In yesterday’s post, I argued against US college professor Ilana Horn’s call for her followers to give Doug Lemov’s Teach Like a Champion negative reviews on Amazon and Goodreads. I hit a nerve – my Twitter mentions were flooded with teachers saying just how good Teach Like a Champion is.
However, as might be expected, a couple of other college professors appeared and challenged me. Mike Steele asked why I had not addressed Horn’s criticisms of Lemov’s book:
The answer is longer than a tweet. The reason I did not address Horn’s criticisms is the same reason a person may hesitate at a fairground before playing that game where you have to throw the hoop over a prize. The game is rigged.
I’m not sure I like the word ‘epistemology’ but it is relevant here. An epistemology is the agreed set of methods with which a field of inquiry establishes truths about the world. I am not convinced that there a lots of different, yet valid, epistemologies and I am not even sure it is right to call the kind of critical theory lens used by Horn an ‘epistemology’ because it is hard to see how it could be used to establish truths. In order to establish truths, there must be some mechanism for testing arguments and I don’t think there is.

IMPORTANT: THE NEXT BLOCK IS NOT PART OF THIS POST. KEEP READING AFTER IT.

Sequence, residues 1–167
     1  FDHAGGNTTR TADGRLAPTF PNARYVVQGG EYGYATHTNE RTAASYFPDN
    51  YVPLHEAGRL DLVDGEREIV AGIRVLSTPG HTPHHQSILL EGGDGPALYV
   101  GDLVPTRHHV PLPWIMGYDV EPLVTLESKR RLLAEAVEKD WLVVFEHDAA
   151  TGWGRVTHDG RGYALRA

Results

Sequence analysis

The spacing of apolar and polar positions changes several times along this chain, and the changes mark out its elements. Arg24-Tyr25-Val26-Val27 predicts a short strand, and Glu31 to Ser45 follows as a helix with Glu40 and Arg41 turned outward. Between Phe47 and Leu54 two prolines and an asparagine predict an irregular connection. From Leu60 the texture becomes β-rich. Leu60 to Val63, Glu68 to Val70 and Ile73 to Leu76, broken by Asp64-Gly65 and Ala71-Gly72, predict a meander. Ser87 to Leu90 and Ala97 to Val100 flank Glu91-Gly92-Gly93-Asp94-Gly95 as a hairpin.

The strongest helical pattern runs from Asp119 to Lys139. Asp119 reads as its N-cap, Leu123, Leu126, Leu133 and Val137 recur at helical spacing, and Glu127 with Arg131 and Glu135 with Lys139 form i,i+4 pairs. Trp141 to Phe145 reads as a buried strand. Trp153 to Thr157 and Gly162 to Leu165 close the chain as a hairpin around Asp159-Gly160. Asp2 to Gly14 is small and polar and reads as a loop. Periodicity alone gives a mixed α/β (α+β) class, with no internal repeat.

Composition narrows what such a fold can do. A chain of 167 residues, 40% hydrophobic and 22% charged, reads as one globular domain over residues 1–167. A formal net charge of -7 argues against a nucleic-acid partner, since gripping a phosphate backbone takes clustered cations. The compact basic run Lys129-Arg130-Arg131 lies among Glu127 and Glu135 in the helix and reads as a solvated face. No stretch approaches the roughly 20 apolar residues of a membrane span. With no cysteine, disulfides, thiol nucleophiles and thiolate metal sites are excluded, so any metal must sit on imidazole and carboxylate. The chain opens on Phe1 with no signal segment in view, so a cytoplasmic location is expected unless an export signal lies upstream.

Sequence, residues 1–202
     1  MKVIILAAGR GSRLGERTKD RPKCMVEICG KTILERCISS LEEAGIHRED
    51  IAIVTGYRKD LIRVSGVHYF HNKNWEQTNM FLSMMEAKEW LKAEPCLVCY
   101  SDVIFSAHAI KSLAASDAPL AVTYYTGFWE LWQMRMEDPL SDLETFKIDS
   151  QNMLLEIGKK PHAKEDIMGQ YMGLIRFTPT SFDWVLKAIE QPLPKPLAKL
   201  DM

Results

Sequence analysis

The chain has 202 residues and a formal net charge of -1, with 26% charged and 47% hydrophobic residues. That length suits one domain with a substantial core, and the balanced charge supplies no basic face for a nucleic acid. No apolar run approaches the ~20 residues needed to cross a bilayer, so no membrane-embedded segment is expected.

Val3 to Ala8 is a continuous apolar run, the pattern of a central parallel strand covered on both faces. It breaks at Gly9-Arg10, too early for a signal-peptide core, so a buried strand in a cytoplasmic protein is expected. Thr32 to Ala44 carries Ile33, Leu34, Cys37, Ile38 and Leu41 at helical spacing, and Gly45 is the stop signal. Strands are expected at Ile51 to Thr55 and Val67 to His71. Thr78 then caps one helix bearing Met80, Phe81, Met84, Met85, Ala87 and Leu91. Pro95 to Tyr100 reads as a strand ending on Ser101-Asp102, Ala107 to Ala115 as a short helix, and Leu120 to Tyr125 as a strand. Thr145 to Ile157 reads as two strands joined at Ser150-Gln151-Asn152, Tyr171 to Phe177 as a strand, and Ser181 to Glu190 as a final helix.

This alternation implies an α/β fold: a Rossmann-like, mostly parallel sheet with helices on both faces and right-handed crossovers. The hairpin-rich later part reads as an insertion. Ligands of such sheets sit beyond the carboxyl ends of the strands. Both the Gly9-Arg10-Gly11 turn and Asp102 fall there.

For instance, how could I demonstrate to Steele’s satisfaction that a book is not, “steeped in colonizing viewpoints.” I don’t think I could. I suspect any attempt would be met with the response that I needed to do more reading and with references to my gender and perceptions of my race.
Could someone with different personal characteristics challenge this claim? No, that possibility is also excluded because in the critical theory paradigm, racism can be internalised:
The fact that something cannot be refuted superficially seems like a strength. It must be true! And it certainly has great rhetorical power. However, when you remove the possibility of refutation, you remove the possibility of testing ideas and seeing how strong they are. You remove the possibility of dissent. You enter a totalitarian world where the powerful can assert what they wish and everyone else can just shut up.
So I am not going to play that game. It is better to deconstruct it so that others become aware of how it is rigged.